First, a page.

The End of Us

I struggle, at times, to hear your voice, although I know it is never far my troubled ears.

I can remember those soul-filled vibrations that once rippled through my soul. I can remember closing my eyes, as if they were some new-age arms that would embrace your words, each demanding syllable, and never let them go. I can remember the warmth in the songs you sang, in the prayers you issued, and in the demands you offered that were somehow supposed to save me.

I can remember them all, yet I cannot hear your voice.

I recall the urgency in your pleas, the desperation in your tone. I can almost touch the drama in the space we shared, and I can almost feel the fear of loss shaking me to oaths I could never meet, rousing me to great heights of failure. I can recall the ice-cold feel of your touch, the horrible demands for something that neither of us could ever feel. I can recall the lonely testaments of love, and the protestations of eternity as the hangman’s noose slipped suredly around forever’s neck.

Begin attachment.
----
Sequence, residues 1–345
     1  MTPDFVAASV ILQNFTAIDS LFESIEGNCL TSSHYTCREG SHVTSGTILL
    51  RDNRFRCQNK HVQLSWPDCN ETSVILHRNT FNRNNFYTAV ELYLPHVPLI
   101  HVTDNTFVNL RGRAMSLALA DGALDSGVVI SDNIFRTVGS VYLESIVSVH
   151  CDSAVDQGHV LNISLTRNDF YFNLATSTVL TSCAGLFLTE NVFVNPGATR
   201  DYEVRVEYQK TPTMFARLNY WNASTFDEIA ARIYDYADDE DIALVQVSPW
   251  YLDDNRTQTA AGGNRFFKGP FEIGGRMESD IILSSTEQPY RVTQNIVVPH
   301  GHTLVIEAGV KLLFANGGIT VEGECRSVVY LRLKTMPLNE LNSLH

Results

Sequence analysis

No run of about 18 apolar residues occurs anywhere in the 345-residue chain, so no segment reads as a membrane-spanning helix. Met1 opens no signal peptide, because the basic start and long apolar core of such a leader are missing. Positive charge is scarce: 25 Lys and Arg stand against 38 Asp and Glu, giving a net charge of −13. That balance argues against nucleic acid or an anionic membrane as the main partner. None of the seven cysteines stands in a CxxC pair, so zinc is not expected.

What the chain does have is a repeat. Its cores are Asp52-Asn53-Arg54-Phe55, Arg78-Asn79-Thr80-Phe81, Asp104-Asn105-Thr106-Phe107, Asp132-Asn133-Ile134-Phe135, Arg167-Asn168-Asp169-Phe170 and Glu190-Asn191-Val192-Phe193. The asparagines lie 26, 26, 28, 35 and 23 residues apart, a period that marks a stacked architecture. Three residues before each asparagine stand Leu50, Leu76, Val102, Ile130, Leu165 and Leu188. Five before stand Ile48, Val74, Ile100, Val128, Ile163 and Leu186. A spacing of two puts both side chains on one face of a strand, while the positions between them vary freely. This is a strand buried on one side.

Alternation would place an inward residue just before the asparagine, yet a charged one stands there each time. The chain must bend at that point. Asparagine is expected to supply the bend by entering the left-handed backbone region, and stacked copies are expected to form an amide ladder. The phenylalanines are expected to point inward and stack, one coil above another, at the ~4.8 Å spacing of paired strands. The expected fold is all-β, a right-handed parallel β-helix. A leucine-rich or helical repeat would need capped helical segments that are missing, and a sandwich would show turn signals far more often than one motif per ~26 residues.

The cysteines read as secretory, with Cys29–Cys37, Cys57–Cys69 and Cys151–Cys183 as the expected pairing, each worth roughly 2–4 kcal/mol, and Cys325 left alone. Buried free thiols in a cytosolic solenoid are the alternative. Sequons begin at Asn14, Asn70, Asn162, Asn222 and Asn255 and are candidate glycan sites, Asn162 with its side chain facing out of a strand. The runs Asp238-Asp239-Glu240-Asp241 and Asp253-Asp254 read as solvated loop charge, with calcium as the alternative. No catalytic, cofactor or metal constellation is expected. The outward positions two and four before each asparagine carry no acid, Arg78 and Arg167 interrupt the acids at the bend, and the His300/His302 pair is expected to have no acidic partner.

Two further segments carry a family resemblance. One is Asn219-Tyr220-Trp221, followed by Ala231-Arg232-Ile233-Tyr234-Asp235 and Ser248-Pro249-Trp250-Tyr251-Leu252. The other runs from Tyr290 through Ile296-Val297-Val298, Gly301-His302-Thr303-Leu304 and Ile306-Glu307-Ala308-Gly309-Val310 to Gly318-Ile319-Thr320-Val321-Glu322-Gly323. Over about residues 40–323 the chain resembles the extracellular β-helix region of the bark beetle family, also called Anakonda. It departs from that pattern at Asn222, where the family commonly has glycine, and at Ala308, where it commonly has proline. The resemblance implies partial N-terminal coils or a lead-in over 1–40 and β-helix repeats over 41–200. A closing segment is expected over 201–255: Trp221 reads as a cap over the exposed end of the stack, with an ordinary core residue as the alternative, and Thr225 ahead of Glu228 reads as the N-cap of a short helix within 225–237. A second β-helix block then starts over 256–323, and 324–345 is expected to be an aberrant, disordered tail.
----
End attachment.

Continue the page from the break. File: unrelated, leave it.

It seems even eternity has a grave somewhere.  Even forever has a tombstone.

Yet despite the finality of the end, we were once there, together. Despite the promises of our shallow pits and weakness of our lazy knots, we were bound once in great certainty. Despite the broken oaths and great risk of failure even we, once, thought of eternity as nothing more than certain.

And even though we had fought our battles, and waged our wars, with words as our swords and love as our sacred battleground, I cannot remember your voice. I cannot hear your spoken battle cries, even as I wince as words flow out of others. I can no longer feel the raised protrusions of wounds on my skin even if I can feel the stiffness of their scars. I can no longer relish in the fools’ folly of promising wine from water, for I have sworn an oath to let water be good enough.

I bid you a fond farewell, my old soul. I welcome you to whatever paradise you’ve found not through my own extended hand, but through the hand much sturdier extended by a love more suitable to your liking. It is time, I say to you, to have our own flowers bloom and our own fields tilled by plows much better suited for the task.

It is in such liberation that we give another the promises of eternity we could never offer ourselves. It is in such potential that we find in others that we could never find in us. It is now we part, never to be whole, together, again.